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[#WeFACE] Korea has potential to lead world in wind power: Orsted APAC president

Matthias Bausenwein, president of Orsted Asia-Pacific (Orsted)
Matthias Bausenwein, president of Orsted Asia-Pacific (Orsted)

The Korea Herald is publishing a series of interviews with the lineup of speakers who will discuss solutions to the climate crisis at the H.eco Forum, which is scheduled to be held virtually on June 10 under the theme “We Face the Climate Clock.” – Ed.


South Korea is a relative latecomer to renewables.

Asia’s fourth-largest economy, however, still has time to catch up with its competitors and lead the world in offshore wind power, according to Matthias Bausenwein, who leads Asia-Pacific operations for Orsted, a Danish offshore wind giant.

“If the government and companies work together, with effective systematic support, there is enormous potential that Korea can grow as one of the leaders in wind power,” he said in an interview with The Korea Herald.

What differentiates Korea from neighboring countries is “its already existing supplier base” as well as “the solid infrastructure with a strong technology foundation to develop new businesses,” he said.

Bausenwein is one of the speakers scheduled to present information at the H.eco Forum scheduled for June 10 in Seoul. In his speech, he plans to introduce Orsted’s journey of positioning itself as a leading firm in the renewables industry and its ambition to spur Korea’s transition to green energy.  

Anholt Offshore Wind Farm in Denmark with an installed capacity of 400 MW.(Orsted)
Anholt Offshore Wind Farm in Denmark with an installed capacity of 400 MW.(Orsted)

Having started out as the Danish state-owned fossil fuel company Dong Energy, Orsted has undergone a dramatic transformation over the past decade, becoming the world’s largest offshore wind farm developer with a 25 percent market share. Its green energy share in power and heat production has surged from 17 percent in 2006 to 90 percent in 2020, and it aims to go carbon neutral by 2025. It was ranked the world’s most sustainable energy company on the Corporate Knights Global 100 Index for three years in a row.

Making sweeping changes to its existing business portfolio to become a pioneer in green transitions was not a “no-brainer,” Bausenwein said, especially at a time when offshore wind was still expensive and there were not enough reliable suppliers.

“It’s never easy to make significant changes to your business, especially when you’ve been good at doing it for so long,” he said, adding that the first step was to “create awareness of the longer-term challenges to the fossil fuel business” and assess opportunities in the renewable energy market.”

Since Orsted built the world’s first offshore wind farm in 1991, it has installed more than 1,600 wind turbines in the sea worldwide, with offshore wind projects constructed and under construction amounting to around 9.9 gigawatts. 

Walney Extension Offshore Wind Farm in the United Kingdom with an installed capacity of 659 MW.(Orsted)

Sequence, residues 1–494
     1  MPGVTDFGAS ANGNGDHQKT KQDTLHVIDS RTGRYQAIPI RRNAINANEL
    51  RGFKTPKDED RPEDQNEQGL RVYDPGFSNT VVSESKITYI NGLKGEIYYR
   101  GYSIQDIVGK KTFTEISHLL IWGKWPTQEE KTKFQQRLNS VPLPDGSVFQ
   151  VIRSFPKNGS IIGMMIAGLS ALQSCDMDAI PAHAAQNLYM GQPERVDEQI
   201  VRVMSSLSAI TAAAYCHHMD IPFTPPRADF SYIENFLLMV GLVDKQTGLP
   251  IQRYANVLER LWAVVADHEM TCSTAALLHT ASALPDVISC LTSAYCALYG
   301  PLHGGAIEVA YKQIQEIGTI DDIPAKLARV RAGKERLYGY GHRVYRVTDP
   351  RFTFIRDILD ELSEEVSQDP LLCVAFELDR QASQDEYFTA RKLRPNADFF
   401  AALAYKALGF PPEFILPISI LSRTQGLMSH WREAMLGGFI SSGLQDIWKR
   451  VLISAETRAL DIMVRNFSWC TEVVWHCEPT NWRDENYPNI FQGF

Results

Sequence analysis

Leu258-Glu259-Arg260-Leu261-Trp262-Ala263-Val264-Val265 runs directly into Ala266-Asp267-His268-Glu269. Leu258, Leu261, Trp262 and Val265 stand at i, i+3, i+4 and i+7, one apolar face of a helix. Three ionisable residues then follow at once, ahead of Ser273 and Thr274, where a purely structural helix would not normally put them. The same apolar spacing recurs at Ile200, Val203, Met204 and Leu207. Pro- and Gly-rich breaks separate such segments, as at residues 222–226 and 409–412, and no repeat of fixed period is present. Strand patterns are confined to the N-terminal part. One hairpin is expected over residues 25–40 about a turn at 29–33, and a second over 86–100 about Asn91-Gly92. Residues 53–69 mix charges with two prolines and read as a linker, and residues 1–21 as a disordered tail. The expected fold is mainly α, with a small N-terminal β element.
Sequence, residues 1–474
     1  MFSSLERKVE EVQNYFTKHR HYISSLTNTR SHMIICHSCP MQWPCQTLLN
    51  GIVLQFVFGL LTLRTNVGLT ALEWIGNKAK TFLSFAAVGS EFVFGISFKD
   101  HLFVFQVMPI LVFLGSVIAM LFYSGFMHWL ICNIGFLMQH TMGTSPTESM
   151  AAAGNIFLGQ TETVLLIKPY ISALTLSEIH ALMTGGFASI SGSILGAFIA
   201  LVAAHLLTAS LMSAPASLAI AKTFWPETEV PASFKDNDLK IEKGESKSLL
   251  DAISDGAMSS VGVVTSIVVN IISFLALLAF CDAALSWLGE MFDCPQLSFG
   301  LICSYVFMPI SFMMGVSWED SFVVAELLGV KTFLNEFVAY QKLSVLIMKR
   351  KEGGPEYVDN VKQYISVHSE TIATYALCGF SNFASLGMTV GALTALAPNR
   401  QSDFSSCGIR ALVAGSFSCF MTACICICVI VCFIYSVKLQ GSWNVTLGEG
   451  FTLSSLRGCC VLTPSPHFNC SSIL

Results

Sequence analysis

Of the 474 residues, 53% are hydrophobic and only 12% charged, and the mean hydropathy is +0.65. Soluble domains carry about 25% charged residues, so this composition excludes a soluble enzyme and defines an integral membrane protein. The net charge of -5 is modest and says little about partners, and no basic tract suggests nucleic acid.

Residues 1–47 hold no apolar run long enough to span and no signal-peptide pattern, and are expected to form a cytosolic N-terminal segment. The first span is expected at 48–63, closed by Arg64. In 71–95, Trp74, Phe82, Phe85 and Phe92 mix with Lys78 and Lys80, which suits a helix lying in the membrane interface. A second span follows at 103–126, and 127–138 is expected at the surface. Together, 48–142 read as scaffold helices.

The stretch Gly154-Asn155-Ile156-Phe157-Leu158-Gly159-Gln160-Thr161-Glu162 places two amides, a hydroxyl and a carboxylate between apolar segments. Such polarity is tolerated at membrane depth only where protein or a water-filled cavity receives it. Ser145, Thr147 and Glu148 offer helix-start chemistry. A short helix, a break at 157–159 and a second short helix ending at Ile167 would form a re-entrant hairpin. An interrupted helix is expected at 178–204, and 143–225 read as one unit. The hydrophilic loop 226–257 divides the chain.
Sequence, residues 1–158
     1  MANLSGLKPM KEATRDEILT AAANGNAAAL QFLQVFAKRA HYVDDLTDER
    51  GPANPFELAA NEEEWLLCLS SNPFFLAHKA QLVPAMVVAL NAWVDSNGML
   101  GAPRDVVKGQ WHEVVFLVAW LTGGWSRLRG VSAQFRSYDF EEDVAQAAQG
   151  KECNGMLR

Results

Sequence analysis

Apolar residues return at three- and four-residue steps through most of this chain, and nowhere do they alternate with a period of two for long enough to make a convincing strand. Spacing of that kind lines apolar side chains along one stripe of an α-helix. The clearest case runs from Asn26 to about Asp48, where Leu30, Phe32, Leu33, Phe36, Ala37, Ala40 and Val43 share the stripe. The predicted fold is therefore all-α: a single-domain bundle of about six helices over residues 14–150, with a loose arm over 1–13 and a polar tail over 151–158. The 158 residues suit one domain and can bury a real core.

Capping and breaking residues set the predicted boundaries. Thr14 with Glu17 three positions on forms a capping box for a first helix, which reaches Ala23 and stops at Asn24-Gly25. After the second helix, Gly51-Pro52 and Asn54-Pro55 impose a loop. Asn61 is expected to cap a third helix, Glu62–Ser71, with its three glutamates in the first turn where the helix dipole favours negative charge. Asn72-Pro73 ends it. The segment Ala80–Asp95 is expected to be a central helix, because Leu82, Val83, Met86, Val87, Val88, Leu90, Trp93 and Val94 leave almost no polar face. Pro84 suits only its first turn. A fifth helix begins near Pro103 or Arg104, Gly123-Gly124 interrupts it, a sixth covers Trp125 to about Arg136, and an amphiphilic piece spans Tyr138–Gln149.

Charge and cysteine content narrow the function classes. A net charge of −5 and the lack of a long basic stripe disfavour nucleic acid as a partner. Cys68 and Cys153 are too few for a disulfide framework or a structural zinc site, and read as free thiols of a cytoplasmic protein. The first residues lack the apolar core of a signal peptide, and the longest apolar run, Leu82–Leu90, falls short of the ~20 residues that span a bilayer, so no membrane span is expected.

Walney Extension Offshore Wind Farm in the United Kingdom with an installed capacity of 659 MW.(Orsted)

For Korea, offshore wind power could be a “strong alterative,” he said, noting that wind power is more energy efficient than solar power and that Korea has limited land and relies heavily on fossil fuels.

In Korea, Orsted wants to develop some 1.6 gigawatts of offshore wind in waters off Incheon to provide clean power to 1.4 million Korean households per year, with commissioning of the facilities expected to take place in 2026 or 2027. 

The project could cut about 4 million metric tons of carbon dioxide annually, which is the equivalent of taking 1.9 million cars off the road, according to Orsted.

“Moreover, the Incheon project, a flagship of its kind for Korea, will bring multitrillion won of investment, generate economic activities, and create high-quality jobs,” he said.

This comes in line with the Korean government’s ambitious plan to install 12 gigawatts of offshore wind capacity by 2030 as the coal-reliant country seeks to shift away from fossil fuels and increase the use of renewable energy to 20 percent of all the electricity it generates by 2030. Joining the global fight against climate change, Korea, the world’s seventh-largest carbon dioxide emitter, also pledged to reach net zero emissions by 2050.

Seeing the high potential for offshore wind projects beyond Incheon, Orsted is accelerating its move to build long-term, sustainable partnerships with local companies.

Last week, the energy firm signed a memorandum of understanding with the country’s biggest steelmaker, Posco, that would “support the development” of the Incheon offshore wind projects. The two firms also agreed to conduct feasibility studies on collaboration on renewable hydrogen.

Orsted is ready to work with local partners and supply chains not only to contribute to Korea’s energy transition but also to create an entire ecosystem to bring economic benefits and access to green energy to companies in need, Bausenwein added.

By Ock Hyun-ju (laeticia.ock@heraldcorp.com)
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